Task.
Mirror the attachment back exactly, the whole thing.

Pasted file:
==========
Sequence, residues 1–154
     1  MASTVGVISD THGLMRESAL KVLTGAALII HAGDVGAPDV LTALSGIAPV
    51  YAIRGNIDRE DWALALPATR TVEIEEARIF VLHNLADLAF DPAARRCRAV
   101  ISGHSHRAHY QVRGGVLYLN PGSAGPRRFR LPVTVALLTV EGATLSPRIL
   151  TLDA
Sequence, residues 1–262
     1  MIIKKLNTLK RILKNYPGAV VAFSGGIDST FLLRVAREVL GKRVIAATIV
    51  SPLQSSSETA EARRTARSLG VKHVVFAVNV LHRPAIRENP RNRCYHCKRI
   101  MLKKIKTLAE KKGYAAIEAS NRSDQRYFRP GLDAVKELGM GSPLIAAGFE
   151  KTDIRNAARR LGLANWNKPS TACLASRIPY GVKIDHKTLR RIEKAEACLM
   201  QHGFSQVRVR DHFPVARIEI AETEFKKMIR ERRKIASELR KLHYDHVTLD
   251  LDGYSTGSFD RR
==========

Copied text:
Sequence, residues 1–154
     1  MASTVGVISD THGLMRESAL KVLTGAALII HAGDVGAPDV LTALSGIAPV
    51  YAIRGNIDRE DWALALPATR TVEIEEARIF VLHNLADLAF DPAARRCRAV
   101  ISGHSHRAHY QVRGGVLYLN PGSAGPRRFR LPVTVALLTV EGATLSPRIL
   151  TLDA
Sequence, residues 1–262
     1  MIIKKLNTLK RILKNYPGAV VAFSGGIDST FLLRVAREVL GKRVIAATIV
    51  SPLQSSSETA EARRTARSLG VKHVVFAVNV LHRPAIRENP RNRCYHCKRI
   101  MLKKIKTLAE KKGYAAIEAS NRSDQRYFRP GLDAVKELGM GSPLIAAGFE
   151  KTDIRNAARR LGLANWNKPS TACLASRIPY GVKIDHKTLR RIEKAEACLM
   201  QHGFSQVRVR DHFPVARIEI AETEFKKMIR ERRKIASELR KLHYDHVTLD
   251  LDGYSTGSFD RR